Following some social media backlash from individuals who misunderstood Adam Arreak Lightstone’s intentions with a proposal for a new law that would identify high-risk offenders to potential victims, the Iqaluit-Manirajak MLA is fleshing out his position.
Arreak-Lightstone said he isn’t trying to publicly shame abusers. Instead, he wants people living with or considering living with a high-risk offender to be able to find out about their histories of domestic assaults or child abuse via the police or certain GN officials.
“I want to see that our government does all it can to ensure the safety of Nunavummiut,” Arreak-Lightstone stated. “It is unfortunate that our justice department’s legal advisers have failed to brief our minister and cabinet on such an initiative.”
Such legislation has been adopted in some Canadian provinces and it’s sometimes referred to as Clare’s Law. The United Kingdom passed the act first, naming it after a young woman who was killed by an ex-partner with a history of violence against women, the MLA explained.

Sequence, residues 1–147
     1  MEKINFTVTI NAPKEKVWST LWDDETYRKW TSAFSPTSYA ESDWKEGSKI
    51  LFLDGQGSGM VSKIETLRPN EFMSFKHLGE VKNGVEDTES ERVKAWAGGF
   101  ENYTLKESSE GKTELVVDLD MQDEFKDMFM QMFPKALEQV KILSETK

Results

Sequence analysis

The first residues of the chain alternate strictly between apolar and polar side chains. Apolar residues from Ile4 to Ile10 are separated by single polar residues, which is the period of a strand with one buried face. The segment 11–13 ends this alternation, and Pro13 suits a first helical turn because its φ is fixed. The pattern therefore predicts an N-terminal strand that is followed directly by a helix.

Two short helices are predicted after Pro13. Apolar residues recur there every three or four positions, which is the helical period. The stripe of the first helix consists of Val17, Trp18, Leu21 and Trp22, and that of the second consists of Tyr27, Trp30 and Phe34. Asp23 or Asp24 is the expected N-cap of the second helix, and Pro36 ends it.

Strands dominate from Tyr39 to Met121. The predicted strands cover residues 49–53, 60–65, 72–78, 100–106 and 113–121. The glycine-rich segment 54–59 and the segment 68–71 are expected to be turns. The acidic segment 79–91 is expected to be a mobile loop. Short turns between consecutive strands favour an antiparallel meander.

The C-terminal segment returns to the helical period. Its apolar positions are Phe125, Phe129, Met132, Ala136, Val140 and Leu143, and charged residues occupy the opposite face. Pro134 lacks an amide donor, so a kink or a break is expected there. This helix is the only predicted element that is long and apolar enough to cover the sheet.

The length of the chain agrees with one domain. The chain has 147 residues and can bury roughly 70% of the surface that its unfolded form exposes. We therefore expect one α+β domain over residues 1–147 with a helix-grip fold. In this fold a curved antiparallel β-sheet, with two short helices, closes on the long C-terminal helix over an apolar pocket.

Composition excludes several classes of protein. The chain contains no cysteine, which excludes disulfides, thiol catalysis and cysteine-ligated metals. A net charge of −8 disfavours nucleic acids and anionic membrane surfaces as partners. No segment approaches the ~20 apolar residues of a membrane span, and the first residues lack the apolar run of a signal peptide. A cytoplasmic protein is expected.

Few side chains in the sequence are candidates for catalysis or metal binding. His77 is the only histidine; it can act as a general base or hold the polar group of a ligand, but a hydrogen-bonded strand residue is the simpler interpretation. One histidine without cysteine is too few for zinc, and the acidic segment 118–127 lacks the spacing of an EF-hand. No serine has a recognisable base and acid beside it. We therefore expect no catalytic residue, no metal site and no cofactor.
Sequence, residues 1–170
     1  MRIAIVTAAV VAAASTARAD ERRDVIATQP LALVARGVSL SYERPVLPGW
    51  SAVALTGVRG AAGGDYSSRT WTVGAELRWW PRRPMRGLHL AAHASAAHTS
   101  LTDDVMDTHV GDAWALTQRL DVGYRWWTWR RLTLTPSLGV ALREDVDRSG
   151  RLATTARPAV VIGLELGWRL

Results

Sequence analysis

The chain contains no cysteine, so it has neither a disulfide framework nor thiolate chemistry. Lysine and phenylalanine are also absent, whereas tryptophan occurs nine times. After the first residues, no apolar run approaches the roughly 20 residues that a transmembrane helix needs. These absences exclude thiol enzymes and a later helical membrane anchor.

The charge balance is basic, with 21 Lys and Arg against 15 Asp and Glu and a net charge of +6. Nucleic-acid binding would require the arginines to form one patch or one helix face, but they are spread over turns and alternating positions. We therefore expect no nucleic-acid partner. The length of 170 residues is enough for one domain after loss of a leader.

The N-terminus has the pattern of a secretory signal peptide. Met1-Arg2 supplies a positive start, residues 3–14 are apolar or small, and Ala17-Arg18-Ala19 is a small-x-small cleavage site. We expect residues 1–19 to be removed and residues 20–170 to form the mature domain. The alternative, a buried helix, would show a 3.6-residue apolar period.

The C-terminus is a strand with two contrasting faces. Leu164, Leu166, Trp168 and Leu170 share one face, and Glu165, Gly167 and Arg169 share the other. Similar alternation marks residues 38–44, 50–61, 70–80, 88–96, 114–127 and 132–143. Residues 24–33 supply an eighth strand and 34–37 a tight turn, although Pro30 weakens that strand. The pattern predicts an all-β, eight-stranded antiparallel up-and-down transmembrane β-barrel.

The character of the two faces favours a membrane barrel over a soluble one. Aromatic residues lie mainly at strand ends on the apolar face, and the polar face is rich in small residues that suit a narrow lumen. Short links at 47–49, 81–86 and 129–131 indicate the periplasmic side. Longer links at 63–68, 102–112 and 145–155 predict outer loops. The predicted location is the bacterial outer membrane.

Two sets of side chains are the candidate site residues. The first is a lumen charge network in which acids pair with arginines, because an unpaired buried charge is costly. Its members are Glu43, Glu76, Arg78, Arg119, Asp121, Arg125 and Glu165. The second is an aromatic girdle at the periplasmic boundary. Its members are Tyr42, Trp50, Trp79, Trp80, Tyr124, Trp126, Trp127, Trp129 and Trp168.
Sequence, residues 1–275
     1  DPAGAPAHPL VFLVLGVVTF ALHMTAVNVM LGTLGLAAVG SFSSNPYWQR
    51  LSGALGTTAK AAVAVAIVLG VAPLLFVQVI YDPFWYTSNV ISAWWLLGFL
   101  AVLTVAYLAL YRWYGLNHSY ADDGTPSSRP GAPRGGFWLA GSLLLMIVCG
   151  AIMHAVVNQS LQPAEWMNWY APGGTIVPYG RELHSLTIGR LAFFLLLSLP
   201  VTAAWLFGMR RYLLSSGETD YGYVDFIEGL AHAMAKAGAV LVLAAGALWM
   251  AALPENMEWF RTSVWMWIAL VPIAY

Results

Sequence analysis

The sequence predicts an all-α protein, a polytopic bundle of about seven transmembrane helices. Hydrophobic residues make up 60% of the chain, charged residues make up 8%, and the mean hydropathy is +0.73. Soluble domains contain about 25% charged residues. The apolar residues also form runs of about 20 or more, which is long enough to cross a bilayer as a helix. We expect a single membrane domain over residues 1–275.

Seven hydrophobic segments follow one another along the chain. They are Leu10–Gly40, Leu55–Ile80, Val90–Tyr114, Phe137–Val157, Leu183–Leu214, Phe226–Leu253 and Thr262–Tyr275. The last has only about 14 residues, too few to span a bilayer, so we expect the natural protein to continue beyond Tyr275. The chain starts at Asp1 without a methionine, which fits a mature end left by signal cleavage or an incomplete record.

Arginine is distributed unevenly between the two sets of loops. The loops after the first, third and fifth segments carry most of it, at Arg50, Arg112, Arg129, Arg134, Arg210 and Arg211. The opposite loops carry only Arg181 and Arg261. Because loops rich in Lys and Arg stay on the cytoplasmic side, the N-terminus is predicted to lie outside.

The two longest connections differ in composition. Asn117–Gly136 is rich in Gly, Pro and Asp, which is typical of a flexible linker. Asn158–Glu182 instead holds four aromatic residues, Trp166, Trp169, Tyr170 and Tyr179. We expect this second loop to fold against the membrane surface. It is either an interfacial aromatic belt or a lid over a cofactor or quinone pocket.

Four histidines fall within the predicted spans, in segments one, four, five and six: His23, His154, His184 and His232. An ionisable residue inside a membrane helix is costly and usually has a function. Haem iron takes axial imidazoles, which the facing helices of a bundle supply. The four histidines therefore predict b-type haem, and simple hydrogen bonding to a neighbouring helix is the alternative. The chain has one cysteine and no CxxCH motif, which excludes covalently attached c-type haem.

“Further I had identified that almost half of the individuals who are currently on the (Nunavut) sex offender registry have been charged with offences against children, including a few who are listed as high risk. While there is no way of substantiating this as the registered sex offender listing contains personal information on the abusers, and is closely guarded, I believe it is safe to assume that no jurisdiction in Canada has a higher ratio of child predators per capita,” Arreak-Lightstone stated. “Real change is necessary to end this cycle of abuse and to protect our youth from further abuse and harm. As far as I know no other jurisdiction in Canada has a Clare’s Law which pertains specifically to child abuse. This is why I asked that a Nunavut version of Clare’s Law go beyond giving police the authority to disclose information to potential victims if a partner has a violent or abusive past, but also allow the authorities to warm potential victims of child sexual abuse.”